Recently film sources revealed that Dutch filmmaker Anton Corbijn is set to direct a biopic of James Dean’s all too brief life and his prolific friendship with American photojournalist Dennis Stock. As we eagerly anticipate the announcement regarding who will be cast as the cultural icon, we chart ten criminally under seen and curiously underrated biopics from cinema history.
“I like to kill them softly, from a distance. Not close enough for feelings”
Andrew Dominik’s third feature film Killing Them Softly is a loose adaptation of George V Higgins’ 1974 novel Cogan’s Trade and follows enforcer Jackie Cogan who is hired to restore order after a robbery at a mob-protected card game causes the local criminal economy to collapse. For his neo-noir crime thriller Dominik reunites with Brad Pitt and frees himself from the shackles of popular cinema convention to deliver a visceral piece of Americana.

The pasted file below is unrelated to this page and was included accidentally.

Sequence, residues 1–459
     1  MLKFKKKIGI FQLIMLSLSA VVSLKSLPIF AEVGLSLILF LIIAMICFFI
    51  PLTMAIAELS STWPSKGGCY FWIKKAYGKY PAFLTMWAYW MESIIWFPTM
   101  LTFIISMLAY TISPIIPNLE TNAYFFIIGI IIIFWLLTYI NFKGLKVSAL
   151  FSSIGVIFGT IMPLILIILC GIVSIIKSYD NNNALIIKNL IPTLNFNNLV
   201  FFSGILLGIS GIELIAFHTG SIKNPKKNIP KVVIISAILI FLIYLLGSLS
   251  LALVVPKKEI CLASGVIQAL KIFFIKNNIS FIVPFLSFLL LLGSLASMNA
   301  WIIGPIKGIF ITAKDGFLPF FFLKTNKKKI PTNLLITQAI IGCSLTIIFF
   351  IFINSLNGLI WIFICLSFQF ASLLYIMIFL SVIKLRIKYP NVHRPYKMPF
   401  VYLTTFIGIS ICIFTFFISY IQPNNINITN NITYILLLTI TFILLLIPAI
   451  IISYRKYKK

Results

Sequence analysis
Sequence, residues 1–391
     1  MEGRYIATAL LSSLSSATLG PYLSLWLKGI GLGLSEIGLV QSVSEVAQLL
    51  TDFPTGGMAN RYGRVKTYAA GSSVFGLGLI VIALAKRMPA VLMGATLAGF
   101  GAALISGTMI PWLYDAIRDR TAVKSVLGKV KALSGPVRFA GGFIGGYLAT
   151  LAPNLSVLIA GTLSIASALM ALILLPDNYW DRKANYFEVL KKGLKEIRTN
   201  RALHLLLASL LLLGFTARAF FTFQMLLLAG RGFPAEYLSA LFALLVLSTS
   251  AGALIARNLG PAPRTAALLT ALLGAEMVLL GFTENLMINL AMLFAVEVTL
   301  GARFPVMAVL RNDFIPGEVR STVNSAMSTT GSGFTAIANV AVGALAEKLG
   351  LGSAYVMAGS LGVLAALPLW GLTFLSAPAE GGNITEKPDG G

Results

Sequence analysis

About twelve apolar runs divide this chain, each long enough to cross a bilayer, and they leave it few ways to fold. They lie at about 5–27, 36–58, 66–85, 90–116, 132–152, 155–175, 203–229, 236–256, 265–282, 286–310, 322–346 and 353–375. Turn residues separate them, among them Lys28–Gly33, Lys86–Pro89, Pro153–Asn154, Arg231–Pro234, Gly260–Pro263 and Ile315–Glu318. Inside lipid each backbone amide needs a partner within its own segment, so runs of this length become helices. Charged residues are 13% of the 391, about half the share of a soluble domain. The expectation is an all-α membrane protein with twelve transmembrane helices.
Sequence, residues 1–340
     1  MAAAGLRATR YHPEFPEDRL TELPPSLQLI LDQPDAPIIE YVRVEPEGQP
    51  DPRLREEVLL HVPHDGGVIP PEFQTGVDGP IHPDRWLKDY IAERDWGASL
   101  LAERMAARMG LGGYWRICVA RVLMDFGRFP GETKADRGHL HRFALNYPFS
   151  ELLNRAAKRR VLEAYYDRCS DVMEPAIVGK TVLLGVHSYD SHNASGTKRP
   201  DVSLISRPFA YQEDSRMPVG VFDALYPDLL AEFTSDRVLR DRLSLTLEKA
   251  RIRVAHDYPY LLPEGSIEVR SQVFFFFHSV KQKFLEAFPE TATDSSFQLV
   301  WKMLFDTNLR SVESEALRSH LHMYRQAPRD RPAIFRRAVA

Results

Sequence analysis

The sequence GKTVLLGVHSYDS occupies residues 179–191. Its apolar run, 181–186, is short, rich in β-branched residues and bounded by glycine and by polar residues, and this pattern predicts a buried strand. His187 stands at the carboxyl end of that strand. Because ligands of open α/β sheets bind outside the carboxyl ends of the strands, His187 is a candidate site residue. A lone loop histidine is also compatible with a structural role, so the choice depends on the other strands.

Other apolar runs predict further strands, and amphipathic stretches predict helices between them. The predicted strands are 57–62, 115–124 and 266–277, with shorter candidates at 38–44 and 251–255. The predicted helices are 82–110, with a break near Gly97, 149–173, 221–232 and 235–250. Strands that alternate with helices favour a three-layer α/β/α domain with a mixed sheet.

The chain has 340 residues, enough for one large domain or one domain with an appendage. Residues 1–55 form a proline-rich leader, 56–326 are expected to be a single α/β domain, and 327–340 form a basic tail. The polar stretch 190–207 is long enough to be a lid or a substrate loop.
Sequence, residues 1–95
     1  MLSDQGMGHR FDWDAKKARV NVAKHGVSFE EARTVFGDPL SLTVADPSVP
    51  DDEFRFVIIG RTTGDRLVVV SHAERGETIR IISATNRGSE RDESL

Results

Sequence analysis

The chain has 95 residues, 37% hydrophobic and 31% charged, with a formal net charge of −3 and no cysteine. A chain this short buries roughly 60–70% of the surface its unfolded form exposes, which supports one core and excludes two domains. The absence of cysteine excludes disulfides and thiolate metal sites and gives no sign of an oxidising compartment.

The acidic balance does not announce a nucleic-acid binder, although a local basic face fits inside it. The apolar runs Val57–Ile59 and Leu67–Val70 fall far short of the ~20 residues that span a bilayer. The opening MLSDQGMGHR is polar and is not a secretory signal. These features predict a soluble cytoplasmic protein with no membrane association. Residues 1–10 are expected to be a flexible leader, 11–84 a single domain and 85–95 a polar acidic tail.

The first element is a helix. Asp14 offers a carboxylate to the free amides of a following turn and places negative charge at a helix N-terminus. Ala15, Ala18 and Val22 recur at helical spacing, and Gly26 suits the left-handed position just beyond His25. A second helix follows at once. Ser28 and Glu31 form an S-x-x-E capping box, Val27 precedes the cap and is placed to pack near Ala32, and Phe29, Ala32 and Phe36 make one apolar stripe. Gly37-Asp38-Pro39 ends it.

“I’m just a bloody normal bloke. A normal bloke who likes a bit of torture”.
Chopper is a visceral retelling of a nation’s famous criminal, told from the perspective of the criminal himself and therefore comparisons to Bronson are not only natural, but obvious. Too obvious in fact to spend any more time on; suffice to say it isn’t as good as Refn’s 2008 masterpiece, but an impressive debut from Dominik nonetheless.